Part Two – Where is my Stick?

Part 2 of 3

Every day I am on the ice training goalies and one message that is consistently reinforced is stick positioning. With 70-90% percent of goals going in low in the NHL, having a strong stick position is crucial for success in the net. During my goalie sessions at Goalie U or in this Blog you will often here me referring to the “Phantom Stick” . This is when a goalie believes there stick is covering the 5 hole but in effect it is out of position leaving the area between the goalies legs wide open for a shooter to score. In part 1 I explained the importance of having the proper stick length. In part two of this three part article I will explain the 3 main causes of the “Phantom Stick” .

1) LEAD WITH YOUR STICK:

The most common mistake leading to a juicy 5 hole is when a goalie moves or is in transition and does not lead with their stick. I am sure you have all heard this expression before but really what does it mean? Well in effect every time a goalie moves, the stick should remain between their legs. Easier said then done! For example, when a goalie leaves their post, to challenge out to a player, their stick should first be to the side of the net. When the goalie begins their explosive push to square up to the puck, the first movement should be with the blocker arm allowing the stick to remain between the legs throughout the movement. If a goalie forgets the initial movement with the arm in order to square up the stick “Phantom Stick” will occur. The stick will drag behind the goalie’s body leaving the 5 hole completely exposed. This is especially common among younger goalies who either forget as they want to get to the puck as fast as possible or are not strong enough to push the stick in front of them while in transition.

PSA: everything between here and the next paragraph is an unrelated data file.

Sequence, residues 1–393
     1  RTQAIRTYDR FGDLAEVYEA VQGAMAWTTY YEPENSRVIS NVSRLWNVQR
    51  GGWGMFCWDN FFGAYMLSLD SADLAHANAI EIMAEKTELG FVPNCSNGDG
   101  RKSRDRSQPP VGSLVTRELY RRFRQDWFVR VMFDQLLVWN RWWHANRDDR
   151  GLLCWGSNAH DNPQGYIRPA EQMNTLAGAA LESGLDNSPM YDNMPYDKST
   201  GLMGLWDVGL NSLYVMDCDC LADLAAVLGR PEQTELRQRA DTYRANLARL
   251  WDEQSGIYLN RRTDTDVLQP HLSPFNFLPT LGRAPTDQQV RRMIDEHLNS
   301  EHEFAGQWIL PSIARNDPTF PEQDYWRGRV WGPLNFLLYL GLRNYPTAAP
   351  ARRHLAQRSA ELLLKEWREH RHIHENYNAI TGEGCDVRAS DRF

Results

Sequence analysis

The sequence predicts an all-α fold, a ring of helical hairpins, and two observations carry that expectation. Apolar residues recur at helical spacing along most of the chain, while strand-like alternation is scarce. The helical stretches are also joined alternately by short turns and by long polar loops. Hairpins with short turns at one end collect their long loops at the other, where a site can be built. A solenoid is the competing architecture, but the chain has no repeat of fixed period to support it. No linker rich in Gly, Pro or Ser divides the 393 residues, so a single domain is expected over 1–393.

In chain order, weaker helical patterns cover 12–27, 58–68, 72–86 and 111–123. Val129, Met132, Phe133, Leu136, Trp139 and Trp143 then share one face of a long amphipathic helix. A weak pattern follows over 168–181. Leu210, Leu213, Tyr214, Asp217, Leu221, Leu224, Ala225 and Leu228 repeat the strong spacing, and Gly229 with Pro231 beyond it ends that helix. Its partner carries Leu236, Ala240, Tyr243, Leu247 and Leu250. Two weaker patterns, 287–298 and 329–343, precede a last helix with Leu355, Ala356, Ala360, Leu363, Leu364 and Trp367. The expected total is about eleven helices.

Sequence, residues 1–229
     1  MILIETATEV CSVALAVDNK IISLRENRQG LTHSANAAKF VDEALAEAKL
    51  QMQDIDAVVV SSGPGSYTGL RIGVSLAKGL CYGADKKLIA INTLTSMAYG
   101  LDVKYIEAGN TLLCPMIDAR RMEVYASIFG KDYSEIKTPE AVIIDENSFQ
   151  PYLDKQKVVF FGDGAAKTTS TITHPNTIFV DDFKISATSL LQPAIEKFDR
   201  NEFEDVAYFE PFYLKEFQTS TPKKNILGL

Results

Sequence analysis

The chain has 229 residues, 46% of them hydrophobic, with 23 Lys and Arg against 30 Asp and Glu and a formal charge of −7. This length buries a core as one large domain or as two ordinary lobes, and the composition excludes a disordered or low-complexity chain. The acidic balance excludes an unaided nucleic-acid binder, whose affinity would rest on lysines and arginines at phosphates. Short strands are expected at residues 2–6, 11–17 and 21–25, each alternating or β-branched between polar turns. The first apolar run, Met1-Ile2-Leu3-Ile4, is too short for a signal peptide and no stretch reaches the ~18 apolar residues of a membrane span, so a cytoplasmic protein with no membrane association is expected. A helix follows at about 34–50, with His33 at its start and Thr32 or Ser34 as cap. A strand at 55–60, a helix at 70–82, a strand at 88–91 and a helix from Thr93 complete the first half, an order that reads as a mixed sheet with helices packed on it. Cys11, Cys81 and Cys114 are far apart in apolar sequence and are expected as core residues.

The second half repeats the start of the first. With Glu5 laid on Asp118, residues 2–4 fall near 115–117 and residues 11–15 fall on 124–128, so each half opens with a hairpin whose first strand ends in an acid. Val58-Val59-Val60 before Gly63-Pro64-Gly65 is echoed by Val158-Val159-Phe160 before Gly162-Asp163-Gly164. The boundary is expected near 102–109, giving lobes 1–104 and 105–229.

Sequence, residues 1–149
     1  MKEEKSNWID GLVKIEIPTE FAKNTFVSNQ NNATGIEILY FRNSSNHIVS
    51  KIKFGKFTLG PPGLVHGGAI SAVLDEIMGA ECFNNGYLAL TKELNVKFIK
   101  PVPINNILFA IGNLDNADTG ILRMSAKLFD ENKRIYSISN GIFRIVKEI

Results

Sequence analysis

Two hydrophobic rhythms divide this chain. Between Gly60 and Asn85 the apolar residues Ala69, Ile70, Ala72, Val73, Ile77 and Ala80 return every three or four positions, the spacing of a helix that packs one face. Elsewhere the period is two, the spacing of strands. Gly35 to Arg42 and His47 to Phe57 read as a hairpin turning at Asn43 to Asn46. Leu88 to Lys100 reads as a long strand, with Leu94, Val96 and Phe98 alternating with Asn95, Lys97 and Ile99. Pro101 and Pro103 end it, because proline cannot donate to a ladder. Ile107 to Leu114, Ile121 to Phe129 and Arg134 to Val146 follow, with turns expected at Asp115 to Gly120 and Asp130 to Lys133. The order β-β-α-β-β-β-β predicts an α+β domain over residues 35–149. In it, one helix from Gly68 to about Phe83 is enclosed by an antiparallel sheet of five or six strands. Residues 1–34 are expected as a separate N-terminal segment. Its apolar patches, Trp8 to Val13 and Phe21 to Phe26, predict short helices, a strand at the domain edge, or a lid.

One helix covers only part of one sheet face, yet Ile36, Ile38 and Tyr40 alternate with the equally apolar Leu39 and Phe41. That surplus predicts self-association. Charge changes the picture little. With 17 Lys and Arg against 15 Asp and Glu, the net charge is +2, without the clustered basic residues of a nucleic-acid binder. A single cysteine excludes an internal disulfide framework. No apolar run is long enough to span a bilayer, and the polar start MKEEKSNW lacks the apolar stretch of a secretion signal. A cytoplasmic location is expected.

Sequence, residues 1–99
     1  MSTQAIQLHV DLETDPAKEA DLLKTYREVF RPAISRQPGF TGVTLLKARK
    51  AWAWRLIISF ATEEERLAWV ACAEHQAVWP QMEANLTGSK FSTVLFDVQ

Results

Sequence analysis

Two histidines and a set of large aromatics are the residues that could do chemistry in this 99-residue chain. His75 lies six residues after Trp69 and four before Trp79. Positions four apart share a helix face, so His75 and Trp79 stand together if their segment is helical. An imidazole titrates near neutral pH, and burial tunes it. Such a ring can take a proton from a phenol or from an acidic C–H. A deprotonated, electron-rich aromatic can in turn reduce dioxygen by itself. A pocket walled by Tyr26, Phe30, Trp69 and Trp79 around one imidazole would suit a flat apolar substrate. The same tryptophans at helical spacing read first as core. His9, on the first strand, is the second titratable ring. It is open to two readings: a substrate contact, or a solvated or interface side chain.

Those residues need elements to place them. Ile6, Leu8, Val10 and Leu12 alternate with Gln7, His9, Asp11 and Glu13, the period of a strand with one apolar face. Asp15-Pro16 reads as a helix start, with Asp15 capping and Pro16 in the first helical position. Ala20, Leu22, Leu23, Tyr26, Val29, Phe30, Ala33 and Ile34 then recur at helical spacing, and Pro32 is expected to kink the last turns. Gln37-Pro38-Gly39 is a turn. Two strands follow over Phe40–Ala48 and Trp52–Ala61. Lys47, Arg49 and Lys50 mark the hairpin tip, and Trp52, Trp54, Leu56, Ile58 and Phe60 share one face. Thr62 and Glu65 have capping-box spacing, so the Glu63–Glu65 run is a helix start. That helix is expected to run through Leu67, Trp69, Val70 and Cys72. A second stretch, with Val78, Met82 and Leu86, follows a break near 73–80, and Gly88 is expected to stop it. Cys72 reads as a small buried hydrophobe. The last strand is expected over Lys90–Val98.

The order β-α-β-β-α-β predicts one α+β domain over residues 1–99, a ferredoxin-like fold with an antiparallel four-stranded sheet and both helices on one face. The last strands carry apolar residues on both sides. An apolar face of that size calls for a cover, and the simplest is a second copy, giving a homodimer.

2) KEEP YOUR STICK OF YOUR PAD:

Another very common mistake that leads to many 5 hole goals is when a goalie is in their stance and rests their blocker along the outside of their pad. In effect the goalie’s stick is on the ice but is only covering a small portion of the 5 hole. This bad habit leaves a big space between the inside of the trapper pad and the tip of the stick. This problem also creates a difficult blade angle with only the heel of the stick touching the ice. Having this overly relaxed stance creates an even wider 5 hole when the goalie is shuffling to their trapper side. Every time the goalie’s trapper leg moves laterally to shuffle the 5 hole widens. However, the stick is stuck on the side of the pad creating an open hole for the shooter. Simply moving the blocker forward off the pad will allow the stick to remain even between both pads. This way when a goalie shuffles the stick will move with the body as opposed to being delayed as a result of resting on the pad.

3) BRING YOUR STICK ALONG FOR THE SLIDE: ( A MUST READ)

Another common cause for the Phantom Stick perception is when a goalie pivots to load their slide and they leave their stick behind them. Even the top NHL goalies can be seen sliding with their sticks trailing behind. This tendency happens most often when a goalie is sliding to their trapper side. The momentum of the pivot brings the body away from the stick and if the goalie does not make an active effort to keep the stick in their 5 hole the stick will drag behind. The best way to avoid this mistake is to make a conscious effort to pivot with the skate and the stick. This means that the stick will rotate simultaneously with the pivot allowing the 5 hole to be covered throughout the slide.

This is less of an issue when sliding on the blocker side as the blocker arm tends to rotate naturally with the momentum of the pivot. The goalie should still focus on keeping the stick between the legs but it is done more naturally on the blocker side.

Keeping your stick in the 5 hole is often overlooked in practice and neglecting this skill can lead to many costly goals. I highly recommend you take the time to eliminate any of the bad habits mentioned in this article and watch your save percentage sky rocket.

Be the Hero, Post the Zero,

Stefan Nichols

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